Championship Puzzles: Transactional Leadership
I’m twisting the definition of “Transactional Leadership” for the purpose of a clever headline. For “part two” of what differentiates the Mets from championship teams, what we’re going to do here is briefly look at what the front offices of the current playoff teams have done in the past year, as opposed to what the New York Mets have used as a strategy in terms of acquiring ballplayers.
Around or after the July 31st trade deadline, the small-market Cardinals added Matt Holliday, Mark DeRosa, Julio Lugo, and John Smoltz to fill various holes that appeared during the season. Similarly, the Dodgers picked up Ron Belliard, Jim Thome, George Sherrill, Jon Garland, and Vicente Padilla (and last year it was Casey Blake and Manny Ramirez). The Phillies grabbed Cliff Lee, Pedro Martinez, and Ben Francisco (last year it was Joe Blanton and Matt Stairs). The Red Sox got Victor Martinez, Adam LaRoche (before flipping him), Casey Kotchman, Billy Wagner, and Alex Gonzalez. The Angels picked up Scott Kazmir.
The biggest deadline deals done by the Mets under Omar Minaya? Luis Castillo is the best acquisition of a lot that includes Roberto Hernandez, Oliver Perez, Shawn Green, Jeff Conine, Guillermo Mota, and Luis Ayala. Compare that group — over four seasons — to what the above clubs pulled off just this year.
While the Mets bemoaned their “awful luck” with injuries to star players and “backups to the backups” (Jerry Manuel’s favorite phrase), they didn’t do much to combat the problem. Rather than make in-season changes, they chose to feel sorry for themselves and blame the disabled list for their woes.
Contrast that to the Cardinals, who lost their starting shortstop to a mental problem, didn’t get the same production from Ryan Ludwick, Rick Ankiel, and Kyle Lohse as they did in 2008, and lost slugger Troy Glaus for most of the year. Those issues weren’t all related to injuries, but added up they were comparable to the Mets’ woes in terms of individual performances. The Cardinals could have easily pointed to any of those problems and “mailed it in” as early as June 9th, when they were in the middle of a tailspin and fell to fourth place with a 31-28 record. Instead, they made moves — some small, some bold — and a month later were back atop the NL Central.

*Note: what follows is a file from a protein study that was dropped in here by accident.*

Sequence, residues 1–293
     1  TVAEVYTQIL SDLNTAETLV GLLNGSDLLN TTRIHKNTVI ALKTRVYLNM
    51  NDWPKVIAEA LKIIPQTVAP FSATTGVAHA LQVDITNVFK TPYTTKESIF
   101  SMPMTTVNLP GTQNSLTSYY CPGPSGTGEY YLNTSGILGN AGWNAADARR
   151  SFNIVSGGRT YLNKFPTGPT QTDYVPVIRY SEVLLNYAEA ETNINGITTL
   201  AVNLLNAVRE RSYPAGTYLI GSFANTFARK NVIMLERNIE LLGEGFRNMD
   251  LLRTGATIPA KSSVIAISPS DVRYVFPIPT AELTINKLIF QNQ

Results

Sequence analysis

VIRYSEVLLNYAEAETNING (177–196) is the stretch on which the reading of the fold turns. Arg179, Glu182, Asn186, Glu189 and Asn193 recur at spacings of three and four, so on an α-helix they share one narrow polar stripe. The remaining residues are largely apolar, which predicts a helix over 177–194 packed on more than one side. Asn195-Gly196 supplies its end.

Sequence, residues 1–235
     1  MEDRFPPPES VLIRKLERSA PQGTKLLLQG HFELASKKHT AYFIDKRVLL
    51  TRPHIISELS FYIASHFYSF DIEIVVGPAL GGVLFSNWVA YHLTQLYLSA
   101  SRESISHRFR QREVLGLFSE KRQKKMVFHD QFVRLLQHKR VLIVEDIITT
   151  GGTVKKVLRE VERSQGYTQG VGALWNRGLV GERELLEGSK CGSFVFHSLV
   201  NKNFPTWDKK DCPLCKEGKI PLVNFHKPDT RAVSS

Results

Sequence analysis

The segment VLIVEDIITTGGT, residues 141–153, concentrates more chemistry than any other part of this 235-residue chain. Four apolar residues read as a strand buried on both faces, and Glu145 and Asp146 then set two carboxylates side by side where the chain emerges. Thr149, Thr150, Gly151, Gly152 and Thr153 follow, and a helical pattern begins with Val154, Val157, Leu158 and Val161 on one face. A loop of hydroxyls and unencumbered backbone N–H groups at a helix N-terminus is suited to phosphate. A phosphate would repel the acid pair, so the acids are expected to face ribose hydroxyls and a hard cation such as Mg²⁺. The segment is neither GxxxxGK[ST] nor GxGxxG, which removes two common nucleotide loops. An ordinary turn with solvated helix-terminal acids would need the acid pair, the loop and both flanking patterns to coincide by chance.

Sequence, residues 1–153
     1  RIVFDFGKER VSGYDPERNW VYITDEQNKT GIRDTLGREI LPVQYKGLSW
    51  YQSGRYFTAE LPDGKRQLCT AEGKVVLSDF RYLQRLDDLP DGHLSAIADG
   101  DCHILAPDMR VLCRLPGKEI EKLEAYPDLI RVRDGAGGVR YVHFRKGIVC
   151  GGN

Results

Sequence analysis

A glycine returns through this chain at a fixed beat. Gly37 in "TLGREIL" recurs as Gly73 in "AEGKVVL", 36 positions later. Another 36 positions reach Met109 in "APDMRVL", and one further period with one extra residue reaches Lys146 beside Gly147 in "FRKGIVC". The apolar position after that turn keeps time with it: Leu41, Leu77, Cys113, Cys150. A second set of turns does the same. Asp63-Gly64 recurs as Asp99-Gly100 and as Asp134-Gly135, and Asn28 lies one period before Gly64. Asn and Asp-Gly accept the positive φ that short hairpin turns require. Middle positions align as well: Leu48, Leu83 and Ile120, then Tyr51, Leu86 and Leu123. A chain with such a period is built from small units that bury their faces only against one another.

The Mets were 31-25 on June 9th, in second place and two games out of first. They were starting to feel the effects of the injured players around then, and over the next five weeks had fits and starts that saw them drop to fourth, rise back to within two games of first, then plummet back to the bottom of the division for good. Holes were opening all over the roster from that point through the end of July, and while the Cards were picking up the likes of Mark DeRosa and Matt Holliday, the Mets made “big” acquisitions such as Wilson Valdez, Fernando Nieve, and Pat Misch. Their biggest in-season trade all season was getting Jeff Francoeur for Ryan Church — when what they needed to do was get Francoeur and KEEP Church.
There’s another major contrast in style; St. Louis acquired Holliday, Lugo, DeRosa, and Smoltz and in the process gave up one MLBer — middle reliever Chris Perez. When the Mets made their one big move, it wasn’t even to fill a hole — it was merely a swap of similar starting rightfielders, and did little to address the absences of players on the DL.
From a front office perspective, the one thing that separates the Mets from championship teams is that the Mets “add the final pieces” over the winter, while championship teams do it in-season — when holes in the puzzle emerge. This strategy was made famous seven years ago in Moneyball, so it’s no secret or “cutting edge” philosophy anymore — it’s a formula for success.
While it’s true that the Mets didn’t have much for trade bait in their thin farm system to make those in-season moves, that’s been the story EVERY YEAR going back to … geez … 2002? Could the fact that the Mets annually trade those pieces in the winter (i.e., JJ Putz, Johan Santana) and routinely lose #1 and #2 picks due to Type A free agent signings (i.e., Moises Alou, Billy Wagner, Pedro Martinez, etc.) be somehow related?
It’s easy to understand why the Mets work this way: because season tickets are sold in the winter, not in July. So the Mets’ “formula” is to make the big splash in the winter, sell the season tickets, then cross their fingers that the assembled club can make it through to September without major changes. Not unlike the tried-and-true formula for dimestore novel writing: introduce the characters, prolong the agony, and keep the pages turning. Except the Mets fail to deliver on the happy ending.